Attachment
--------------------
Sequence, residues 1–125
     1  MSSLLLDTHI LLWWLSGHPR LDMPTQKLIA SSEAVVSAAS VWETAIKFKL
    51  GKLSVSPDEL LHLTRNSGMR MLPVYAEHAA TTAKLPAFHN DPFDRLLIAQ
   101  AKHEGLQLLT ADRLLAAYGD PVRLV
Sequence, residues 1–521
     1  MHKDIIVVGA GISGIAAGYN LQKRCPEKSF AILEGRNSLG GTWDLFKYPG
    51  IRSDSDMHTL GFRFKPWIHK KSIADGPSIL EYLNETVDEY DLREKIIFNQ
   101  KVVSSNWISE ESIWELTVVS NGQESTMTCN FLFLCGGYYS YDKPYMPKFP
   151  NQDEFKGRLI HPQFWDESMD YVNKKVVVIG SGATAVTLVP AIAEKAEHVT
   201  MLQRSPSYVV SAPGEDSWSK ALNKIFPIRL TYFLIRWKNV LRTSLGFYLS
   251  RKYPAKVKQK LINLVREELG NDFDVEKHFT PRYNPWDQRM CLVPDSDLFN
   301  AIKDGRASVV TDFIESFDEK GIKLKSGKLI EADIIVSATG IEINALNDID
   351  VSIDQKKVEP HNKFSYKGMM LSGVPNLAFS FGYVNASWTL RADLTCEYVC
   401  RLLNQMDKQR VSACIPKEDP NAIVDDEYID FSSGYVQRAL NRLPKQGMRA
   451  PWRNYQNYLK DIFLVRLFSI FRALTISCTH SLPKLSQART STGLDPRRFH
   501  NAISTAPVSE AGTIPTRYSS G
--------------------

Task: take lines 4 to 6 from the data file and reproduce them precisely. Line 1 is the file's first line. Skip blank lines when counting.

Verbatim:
   101  AKHEGLQLLT ADRLLAAYGD PVRLV
Sequence, residues 1–521
     1  MHKDIIVVGA GISGIAAGYN LQKRCPEKSF AILEGRNSLG GTWDLFKYPG